Is "Need" a negative word?
Last week my son sent an interesting article about the word “need.” The message must have sunk in, because when I wrote this week’s newsletter, I caught myself replacing it with something else.
Now I’ll offer the question for your consideration.
According to that article, the word “need” is one of judgment – and a bit of bossiness. The writer mentioned those times in childhood when our parents told us all the things we needed to do – or else!
- You need to clean your room.
- You need to clean your plate.
- You need to turn off the TV and get your homework done.
- You need to mow the lawn.
- You need to get into a good college.
- You need to get a good job.
As adults, we might be stuck with more needs - many self-imposed.
- I need to go to work on time.
- I need to finish a huge pile of paperwork.
- I need to get the house clean.
- I need to cook healthy meals.
- I need to help the kids with their homework.
- I need to volunteer more often.
So now, if a would-be coach or a person selling a training seminar tells you that you need the skills he or she is selling, does it hit you as a negative?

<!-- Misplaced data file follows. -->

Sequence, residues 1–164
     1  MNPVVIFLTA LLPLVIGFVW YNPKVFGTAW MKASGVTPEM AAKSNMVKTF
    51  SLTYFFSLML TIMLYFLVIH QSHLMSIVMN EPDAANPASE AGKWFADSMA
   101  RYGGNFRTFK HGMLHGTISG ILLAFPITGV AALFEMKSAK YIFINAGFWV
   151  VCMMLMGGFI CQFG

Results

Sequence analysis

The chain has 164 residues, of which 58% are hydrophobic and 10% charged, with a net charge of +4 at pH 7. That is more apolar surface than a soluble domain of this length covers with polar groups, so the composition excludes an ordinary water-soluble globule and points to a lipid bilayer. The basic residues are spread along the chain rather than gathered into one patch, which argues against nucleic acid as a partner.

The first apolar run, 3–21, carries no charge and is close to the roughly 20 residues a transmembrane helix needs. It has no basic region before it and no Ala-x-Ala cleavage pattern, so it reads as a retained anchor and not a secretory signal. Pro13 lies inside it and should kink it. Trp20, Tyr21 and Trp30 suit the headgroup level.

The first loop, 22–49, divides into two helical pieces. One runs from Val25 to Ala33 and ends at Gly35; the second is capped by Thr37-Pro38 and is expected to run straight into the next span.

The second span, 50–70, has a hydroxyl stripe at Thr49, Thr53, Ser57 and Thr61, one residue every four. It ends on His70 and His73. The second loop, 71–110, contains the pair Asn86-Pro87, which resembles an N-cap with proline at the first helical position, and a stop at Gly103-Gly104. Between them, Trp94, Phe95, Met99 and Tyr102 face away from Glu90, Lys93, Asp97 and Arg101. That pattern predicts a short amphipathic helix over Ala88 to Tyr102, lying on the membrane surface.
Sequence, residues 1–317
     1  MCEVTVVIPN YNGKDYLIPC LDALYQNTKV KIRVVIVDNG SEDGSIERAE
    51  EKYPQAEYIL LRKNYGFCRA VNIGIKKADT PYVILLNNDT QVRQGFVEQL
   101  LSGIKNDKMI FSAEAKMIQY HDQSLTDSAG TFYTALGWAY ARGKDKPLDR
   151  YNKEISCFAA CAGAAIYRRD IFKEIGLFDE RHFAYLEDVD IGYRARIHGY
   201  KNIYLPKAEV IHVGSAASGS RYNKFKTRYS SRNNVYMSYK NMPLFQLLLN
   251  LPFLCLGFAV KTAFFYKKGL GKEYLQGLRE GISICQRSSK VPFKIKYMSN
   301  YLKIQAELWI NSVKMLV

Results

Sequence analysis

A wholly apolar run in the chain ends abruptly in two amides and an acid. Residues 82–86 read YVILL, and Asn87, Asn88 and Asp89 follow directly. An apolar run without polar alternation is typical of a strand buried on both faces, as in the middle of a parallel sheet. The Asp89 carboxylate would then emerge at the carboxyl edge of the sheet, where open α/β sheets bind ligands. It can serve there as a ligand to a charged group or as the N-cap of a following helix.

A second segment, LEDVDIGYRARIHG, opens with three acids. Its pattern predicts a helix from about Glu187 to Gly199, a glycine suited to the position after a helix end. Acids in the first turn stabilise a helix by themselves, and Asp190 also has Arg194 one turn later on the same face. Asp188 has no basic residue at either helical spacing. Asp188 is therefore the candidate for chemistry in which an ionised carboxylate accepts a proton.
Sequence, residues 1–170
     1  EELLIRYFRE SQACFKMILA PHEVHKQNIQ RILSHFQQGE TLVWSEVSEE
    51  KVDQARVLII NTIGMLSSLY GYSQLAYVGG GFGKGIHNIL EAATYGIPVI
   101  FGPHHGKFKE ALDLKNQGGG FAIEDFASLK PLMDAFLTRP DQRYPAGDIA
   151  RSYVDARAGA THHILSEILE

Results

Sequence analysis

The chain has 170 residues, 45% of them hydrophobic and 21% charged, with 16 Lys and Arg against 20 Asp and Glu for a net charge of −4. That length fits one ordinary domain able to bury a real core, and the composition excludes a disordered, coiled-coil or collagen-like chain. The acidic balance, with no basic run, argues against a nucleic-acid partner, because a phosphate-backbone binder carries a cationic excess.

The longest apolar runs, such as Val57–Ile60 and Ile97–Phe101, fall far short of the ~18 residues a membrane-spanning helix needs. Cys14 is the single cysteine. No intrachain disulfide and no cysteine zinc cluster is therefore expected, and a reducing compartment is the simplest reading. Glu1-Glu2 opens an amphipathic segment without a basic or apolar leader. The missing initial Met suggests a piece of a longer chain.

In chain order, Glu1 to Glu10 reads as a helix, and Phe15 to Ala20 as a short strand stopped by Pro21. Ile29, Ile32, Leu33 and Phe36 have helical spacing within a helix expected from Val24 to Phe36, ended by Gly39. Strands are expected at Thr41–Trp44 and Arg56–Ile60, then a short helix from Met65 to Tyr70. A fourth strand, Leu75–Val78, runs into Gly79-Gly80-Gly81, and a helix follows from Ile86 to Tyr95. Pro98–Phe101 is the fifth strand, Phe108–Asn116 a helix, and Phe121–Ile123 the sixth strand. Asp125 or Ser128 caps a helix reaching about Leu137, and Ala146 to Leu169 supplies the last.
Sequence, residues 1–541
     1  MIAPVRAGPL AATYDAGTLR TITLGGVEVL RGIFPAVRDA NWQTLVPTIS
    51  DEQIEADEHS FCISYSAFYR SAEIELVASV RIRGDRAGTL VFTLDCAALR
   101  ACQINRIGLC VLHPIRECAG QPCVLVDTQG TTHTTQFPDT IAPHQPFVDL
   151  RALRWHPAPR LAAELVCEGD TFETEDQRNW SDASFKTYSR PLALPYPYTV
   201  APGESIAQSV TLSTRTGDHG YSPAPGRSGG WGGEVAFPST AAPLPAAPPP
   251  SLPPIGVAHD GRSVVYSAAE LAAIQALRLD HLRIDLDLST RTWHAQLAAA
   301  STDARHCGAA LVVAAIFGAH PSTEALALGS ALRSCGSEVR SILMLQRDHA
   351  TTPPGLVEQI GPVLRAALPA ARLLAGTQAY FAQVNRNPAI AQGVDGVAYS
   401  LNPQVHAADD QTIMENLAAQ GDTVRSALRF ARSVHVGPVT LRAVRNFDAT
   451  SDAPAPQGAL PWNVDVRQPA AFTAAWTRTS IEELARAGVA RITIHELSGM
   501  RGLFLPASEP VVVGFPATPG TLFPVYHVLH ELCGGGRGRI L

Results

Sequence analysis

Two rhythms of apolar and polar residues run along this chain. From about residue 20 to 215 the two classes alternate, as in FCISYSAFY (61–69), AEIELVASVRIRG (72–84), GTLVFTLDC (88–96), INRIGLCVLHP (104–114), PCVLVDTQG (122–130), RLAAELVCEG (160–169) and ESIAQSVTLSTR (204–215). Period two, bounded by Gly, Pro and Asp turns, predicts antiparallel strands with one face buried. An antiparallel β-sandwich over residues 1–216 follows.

Do you question whether you need that or not? Do you resent being told what you need?
If someone selling the latest gadget or marketing tool tells you that you need it, do you think “Like heck I do!”
If your broker tells you that you need to blog, do you think "I'll decide that for myself, thank you."
Is there a difference between saying "You need" and saying "Why you need?"
Will a person feel less "bossed" if you lay out the reasons why?
I'm thinking about my prospecting letter set: "Why Homebuyers Need their Own Agent." Should I rephrase that to avoid annoying people?
What about a homebuyer’s needs?
- Is it a negative if you ask a buyer to tell you about his or her wants and needs?
- Is it a negative if you try to get that buyer to define which is a want and which is a true need?
I ask that because when my firstborn was a child he was constantly telling me about things he needed. My question always was “Do you need it, or do you just want it?” If your buyers’ parents asked that question, will they resent you asking it?
I don’t know the answers to these questions. I do know that when I wrote about content marketing in my newsletter I replaced “you need to try it” with “consider trying it.”
I don’t want to trigger any of those long-buried negative associations!
So - what do you think?